Soon after assuming power with the help of foreign forces in 2018, Abiy Ahmed incessantly spewed anti-Tigrayan venom, such as calling them “daytime hyenas” and “aliens”. For more than two years, all communication to and from Tigray was cut off. Tigray, unlike other regions, was denied its share of help against the locust plague and the coronavirus pandemic. Tigrayans were purged from government bureaucracies. Many thousands of Tigrayan soldiers in the national army were disarmed and dumped in remote concentration camps. Finally, Tigray was denied its annual budget. All these measures were part and parcel of the genocidal project.  Before Tigray was hacked to death, it had to be weakened. The weaker it was, the more sheepishly it could be dragged into its grave, so the plan seems to have been designed.  

The systematic project to slaughter Tigray involved atrocities that are so inconceivable and humanly so unimaginable that they are difficult to hear, let alone to report. Although everyone is targeted, the focus tends to be more on the youth. The intent is to prevent the propagation of a new Tigrayan generation and to render the rest of the society an easy prey. Just as in eastern Anatolia where the Ottoman genocidaires were telling their Armenian victims, “Now let your Christ come and help you!”, the Amhara and Eritrean genocidaires tell their Tigrayan victims, “We’ll see if America will save you!”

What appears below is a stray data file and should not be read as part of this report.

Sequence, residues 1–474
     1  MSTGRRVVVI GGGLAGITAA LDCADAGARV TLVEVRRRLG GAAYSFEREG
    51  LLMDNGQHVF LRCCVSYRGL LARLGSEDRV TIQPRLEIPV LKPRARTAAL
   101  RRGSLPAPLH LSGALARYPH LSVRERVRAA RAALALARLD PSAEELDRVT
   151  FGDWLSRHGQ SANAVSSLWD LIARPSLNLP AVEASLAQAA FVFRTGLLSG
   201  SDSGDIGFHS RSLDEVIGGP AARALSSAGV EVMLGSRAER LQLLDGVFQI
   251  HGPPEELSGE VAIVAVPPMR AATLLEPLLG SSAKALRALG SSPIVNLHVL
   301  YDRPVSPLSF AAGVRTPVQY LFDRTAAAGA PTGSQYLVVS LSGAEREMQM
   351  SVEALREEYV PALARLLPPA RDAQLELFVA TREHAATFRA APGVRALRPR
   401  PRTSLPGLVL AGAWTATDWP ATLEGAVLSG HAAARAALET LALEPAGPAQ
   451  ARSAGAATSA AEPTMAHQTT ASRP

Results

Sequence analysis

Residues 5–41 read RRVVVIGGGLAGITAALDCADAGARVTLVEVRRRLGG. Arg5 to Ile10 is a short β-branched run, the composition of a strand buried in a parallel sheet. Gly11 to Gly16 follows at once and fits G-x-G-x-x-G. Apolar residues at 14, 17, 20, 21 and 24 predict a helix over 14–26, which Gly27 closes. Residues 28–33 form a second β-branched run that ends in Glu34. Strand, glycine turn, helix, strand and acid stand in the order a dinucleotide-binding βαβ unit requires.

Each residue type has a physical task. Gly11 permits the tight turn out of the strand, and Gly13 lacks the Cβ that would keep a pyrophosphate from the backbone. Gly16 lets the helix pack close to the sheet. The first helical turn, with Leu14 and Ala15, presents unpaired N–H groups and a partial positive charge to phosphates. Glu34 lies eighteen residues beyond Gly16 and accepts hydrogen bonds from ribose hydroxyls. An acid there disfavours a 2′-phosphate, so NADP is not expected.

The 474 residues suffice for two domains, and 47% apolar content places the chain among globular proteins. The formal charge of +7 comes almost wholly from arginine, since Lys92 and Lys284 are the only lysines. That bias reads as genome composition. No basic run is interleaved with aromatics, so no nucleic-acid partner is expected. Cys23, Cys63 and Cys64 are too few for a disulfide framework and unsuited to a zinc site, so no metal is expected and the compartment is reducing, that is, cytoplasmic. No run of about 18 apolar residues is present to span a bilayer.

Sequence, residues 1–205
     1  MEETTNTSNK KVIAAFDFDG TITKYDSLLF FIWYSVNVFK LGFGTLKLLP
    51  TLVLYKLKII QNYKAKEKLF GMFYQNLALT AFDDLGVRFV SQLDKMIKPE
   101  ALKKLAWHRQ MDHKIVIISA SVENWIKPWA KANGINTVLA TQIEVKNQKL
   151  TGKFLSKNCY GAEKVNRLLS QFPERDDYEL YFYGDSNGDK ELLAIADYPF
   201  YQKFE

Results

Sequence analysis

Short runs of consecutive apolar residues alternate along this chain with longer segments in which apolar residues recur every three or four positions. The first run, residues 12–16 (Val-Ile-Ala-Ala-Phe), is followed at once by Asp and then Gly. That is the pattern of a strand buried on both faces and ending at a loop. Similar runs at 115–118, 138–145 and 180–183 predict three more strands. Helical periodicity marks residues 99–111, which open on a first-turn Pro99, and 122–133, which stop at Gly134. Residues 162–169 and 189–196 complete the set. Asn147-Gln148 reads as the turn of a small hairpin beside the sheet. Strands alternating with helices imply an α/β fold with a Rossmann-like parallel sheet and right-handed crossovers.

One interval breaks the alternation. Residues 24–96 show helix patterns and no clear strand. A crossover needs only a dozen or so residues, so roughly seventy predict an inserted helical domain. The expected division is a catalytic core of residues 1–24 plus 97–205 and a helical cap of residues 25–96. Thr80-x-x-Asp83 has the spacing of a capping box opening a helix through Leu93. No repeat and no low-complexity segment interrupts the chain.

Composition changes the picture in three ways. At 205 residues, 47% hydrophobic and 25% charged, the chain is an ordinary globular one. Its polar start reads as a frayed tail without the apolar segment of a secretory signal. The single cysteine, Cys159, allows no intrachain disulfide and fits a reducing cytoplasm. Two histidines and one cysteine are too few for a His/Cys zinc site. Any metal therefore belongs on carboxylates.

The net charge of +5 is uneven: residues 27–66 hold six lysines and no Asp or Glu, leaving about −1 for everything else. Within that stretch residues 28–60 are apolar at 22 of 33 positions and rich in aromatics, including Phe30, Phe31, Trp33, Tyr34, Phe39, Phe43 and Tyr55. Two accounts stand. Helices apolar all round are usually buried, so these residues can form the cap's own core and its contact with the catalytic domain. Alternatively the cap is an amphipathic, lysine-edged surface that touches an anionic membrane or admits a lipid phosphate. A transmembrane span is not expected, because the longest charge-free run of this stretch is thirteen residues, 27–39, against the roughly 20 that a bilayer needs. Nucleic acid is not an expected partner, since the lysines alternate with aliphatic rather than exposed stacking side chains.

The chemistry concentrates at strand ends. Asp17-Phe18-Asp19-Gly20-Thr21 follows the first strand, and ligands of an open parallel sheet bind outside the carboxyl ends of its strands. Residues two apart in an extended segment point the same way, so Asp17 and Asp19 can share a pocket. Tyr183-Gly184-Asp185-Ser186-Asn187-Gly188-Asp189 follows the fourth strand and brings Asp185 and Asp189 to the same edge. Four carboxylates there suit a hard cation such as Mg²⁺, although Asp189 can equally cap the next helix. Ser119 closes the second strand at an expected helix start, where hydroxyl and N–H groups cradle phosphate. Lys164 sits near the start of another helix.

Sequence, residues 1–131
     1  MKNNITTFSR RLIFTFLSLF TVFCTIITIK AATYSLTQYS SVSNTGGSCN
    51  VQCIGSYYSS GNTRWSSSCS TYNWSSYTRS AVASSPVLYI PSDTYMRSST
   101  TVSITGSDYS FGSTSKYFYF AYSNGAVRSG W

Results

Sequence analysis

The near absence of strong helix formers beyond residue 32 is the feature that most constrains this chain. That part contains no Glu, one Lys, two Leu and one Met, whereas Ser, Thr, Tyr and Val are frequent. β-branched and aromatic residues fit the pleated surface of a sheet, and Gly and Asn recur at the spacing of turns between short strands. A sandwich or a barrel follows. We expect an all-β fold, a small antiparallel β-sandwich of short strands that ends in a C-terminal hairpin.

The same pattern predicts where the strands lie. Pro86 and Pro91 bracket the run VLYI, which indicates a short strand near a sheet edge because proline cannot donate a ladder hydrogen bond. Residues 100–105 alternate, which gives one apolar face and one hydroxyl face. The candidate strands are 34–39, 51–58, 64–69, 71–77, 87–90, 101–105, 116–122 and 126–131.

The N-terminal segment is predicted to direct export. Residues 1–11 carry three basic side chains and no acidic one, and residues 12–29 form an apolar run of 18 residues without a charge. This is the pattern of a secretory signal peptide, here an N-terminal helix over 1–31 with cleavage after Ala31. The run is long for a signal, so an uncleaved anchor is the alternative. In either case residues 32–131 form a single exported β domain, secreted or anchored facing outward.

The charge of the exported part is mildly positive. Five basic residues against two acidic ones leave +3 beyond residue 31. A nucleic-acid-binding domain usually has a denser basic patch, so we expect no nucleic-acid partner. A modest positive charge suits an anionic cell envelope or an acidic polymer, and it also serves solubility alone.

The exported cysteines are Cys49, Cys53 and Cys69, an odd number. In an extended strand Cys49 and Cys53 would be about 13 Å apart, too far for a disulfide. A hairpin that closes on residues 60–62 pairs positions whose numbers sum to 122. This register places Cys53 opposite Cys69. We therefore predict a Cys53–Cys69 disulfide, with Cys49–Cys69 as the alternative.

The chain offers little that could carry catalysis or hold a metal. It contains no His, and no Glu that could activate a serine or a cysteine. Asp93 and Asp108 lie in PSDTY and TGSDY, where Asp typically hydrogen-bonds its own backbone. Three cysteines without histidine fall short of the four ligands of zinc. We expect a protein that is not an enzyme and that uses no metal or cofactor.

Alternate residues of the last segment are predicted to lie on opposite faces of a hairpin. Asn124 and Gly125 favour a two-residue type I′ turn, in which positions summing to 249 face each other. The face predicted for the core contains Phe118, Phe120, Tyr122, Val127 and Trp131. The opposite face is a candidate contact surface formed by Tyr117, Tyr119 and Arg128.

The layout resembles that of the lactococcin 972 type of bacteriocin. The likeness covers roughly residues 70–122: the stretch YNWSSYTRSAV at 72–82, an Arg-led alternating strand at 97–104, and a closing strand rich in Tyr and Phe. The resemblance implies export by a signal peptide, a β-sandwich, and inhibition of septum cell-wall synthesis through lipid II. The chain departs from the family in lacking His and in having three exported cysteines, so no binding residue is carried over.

Tigrayans are completely helpless. The Eritrean and Amhara soldiers have absolute power over them and their properties, if they have any remaining. Starvation is manufactured and used as a weapon so much so that the genocidaires have destroyed 90% of Tigray’s farm crops and 80% of its livestock. Farm tools are destroyed. Those who still can farm are forbidden from farming. International aid workers are denied access to the needy and some, such as those of the USAID, are killed. Rape, too, is weaponized and the genocidaires have free access to mothers, wives, sisters. and daughters (irrespective of age). People are made to watch as their loved ones are raped. Tigrayans are made disposable, pure and simple.